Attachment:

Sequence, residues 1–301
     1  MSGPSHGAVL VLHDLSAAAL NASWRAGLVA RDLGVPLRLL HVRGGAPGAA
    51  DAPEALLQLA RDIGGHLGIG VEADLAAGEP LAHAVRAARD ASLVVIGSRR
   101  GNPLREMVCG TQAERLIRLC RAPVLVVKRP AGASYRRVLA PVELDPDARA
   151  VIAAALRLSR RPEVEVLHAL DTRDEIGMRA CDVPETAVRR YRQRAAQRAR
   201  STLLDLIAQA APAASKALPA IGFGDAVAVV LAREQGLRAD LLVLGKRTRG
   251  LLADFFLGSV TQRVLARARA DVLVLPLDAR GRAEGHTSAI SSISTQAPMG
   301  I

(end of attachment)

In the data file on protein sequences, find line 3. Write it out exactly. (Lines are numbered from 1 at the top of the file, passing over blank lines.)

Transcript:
    51  DAPEALLQLA RDIGGHLGIG VEADLAAGEP LAHAVRAARD ASLVVIGSRR